I like the results I have of APX100 4x5 and 120 in W2D2+. Make that I LOVE the results I have gotten. I am waiting on a color transmission densitometer to bring this one into the BTZS testing and then will fine tune my shooting with this film in my Speed Graphic for the majority of my LF work in the near future.
I use Diafine for Tri-X shot at 1250 or so, 1000 with flash. I use this combination for some of my older MF and 135 cameras that either don't have a rangefinder, or have a marginal RF that benefit from an increased DOF using smaller apertures.
And finally, I use Rodinal (1+50) for picking up the pieces of everything else and for shooting PanF in my MF folders. These PanF films are stand developed at 1+200 for 90 minutes. An ongoing project utilizing the bright California sun and my decades long interest in recording interesting architectural detail I find as I wander through the Oceanside country. So far, the negatives of this experiment make really good enlarged positives (and negatives) for Alternative process work.
I have used FX-39 (blah) and of course, my two years at NESOP were consumed with the understanding of the intricacies of Tri-X in D-76 1:1. That combo is technically very good, yet I suspect I shot too much of it.
tim in san jose
I keep D76, Rodinal, A49, Diafine and the makings for Gainer's Metol-C on hand at all times. D76 because it works with almost any emulsion made and does a consistently excellent job at what it's made for, ie good film speed and low apparent grain. I use it with TX, FP4, Forte-Classic Pan-EDU types, and Maco/Efke 100. I use Rodinal when I want a little extra sharpness and/or very crisp grain, but not with the Forte type films. I just don't like it with those. The A49 is for the Forte type 400 films. Very nice tones and small tight grain for this film. Diafine for TX if I need it to go faster. The Metol-C is like D76 the way I see it-almost. For some reason it does a little extra for landscapes with TX in MF. I can't put my finger on it, but I like it better than anything else for those kind of shots.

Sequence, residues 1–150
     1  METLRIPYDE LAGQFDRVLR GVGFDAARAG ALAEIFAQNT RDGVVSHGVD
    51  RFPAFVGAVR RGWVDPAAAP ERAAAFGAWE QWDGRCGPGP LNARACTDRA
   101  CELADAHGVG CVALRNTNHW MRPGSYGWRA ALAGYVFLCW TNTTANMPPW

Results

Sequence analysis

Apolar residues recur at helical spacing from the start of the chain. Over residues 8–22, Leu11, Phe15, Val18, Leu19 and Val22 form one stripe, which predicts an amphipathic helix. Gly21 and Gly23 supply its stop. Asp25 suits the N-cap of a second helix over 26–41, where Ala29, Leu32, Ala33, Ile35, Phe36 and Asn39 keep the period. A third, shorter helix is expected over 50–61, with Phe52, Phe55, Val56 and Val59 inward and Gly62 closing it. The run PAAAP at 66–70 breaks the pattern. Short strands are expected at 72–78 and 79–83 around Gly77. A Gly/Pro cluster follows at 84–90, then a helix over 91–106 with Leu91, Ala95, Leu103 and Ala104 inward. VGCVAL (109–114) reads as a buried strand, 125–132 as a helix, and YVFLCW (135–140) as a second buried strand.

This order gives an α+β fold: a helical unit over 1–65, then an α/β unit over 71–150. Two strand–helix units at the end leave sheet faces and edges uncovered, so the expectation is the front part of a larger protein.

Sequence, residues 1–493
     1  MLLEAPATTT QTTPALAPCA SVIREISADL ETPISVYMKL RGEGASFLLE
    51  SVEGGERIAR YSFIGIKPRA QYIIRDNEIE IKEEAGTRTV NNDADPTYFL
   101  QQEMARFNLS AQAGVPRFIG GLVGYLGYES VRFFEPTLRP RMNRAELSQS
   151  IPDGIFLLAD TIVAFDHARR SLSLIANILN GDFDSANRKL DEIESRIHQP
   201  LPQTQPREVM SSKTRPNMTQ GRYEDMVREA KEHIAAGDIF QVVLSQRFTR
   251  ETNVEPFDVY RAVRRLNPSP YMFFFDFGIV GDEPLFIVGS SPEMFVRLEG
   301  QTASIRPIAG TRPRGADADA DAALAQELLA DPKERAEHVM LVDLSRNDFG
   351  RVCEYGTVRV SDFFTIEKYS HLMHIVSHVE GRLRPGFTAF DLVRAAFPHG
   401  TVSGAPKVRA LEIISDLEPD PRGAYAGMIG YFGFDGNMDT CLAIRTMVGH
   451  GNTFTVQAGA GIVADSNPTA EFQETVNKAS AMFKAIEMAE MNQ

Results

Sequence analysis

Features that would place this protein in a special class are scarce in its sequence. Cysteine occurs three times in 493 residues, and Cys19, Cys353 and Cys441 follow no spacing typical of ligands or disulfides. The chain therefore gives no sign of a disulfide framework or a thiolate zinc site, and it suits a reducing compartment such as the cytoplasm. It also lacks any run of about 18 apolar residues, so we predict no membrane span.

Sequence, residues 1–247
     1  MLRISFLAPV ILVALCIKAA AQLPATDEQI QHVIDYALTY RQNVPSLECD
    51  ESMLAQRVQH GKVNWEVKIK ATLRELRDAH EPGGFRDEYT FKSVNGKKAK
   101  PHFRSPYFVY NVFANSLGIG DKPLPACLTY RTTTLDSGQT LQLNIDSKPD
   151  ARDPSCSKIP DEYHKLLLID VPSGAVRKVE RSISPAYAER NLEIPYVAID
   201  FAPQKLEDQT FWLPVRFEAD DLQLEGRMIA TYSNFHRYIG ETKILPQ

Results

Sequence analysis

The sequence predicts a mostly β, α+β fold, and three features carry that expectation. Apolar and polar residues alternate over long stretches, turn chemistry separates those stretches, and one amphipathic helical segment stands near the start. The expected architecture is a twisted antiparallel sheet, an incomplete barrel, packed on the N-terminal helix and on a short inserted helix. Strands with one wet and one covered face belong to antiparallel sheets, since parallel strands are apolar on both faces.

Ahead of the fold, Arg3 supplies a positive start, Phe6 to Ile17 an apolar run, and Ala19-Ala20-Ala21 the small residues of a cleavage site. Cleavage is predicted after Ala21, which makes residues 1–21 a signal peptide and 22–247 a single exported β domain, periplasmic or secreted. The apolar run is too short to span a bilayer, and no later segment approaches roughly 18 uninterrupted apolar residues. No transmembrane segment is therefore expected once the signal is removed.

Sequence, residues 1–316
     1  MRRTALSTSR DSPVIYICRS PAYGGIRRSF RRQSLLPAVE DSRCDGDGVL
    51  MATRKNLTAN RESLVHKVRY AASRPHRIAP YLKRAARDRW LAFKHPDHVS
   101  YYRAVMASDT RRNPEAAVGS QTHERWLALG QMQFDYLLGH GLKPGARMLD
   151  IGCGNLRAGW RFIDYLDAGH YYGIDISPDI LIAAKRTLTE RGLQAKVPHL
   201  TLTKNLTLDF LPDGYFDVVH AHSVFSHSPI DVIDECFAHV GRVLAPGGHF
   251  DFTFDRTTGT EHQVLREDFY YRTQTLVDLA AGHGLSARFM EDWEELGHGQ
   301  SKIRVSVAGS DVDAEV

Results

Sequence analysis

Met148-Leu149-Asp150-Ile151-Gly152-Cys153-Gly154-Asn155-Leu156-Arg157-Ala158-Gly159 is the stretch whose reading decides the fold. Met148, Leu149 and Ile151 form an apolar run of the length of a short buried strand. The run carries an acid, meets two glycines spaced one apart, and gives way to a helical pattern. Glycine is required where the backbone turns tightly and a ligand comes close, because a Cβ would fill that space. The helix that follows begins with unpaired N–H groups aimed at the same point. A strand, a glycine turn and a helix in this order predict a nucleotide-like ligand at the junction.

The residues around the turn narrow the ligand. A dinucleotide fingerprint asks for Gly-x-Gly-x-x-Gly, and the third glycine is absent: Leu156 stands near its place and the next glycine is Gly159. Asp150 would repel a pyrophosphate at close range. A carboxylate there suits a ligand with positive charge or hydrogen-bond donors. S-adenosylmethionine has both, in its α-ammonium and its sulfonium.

For fixer I use Kodak powder type and Paterson Accufix. The Kodak for prints-it does what it's supposed to, and I've always done it that way. Just a habit that I can't see a reason to change. The Accufix because it's fast for film, (clears the films i use in about a minute) and it has a better capacity than anything else I've tried (Ilford, Kodak).
For print developer I use mostly Dektol because I think it's the best paper developer there is...for me anyway, and that's what counts! Most every paper seems to like it. I also use Agfa Neutol because I like it with Luminos paper, and it is very robust, (long-lived), and economical. Zonal Pro Warm if I want warm (natch).
Yes, you may have opened a can of worms, but you've caught quite a few fish.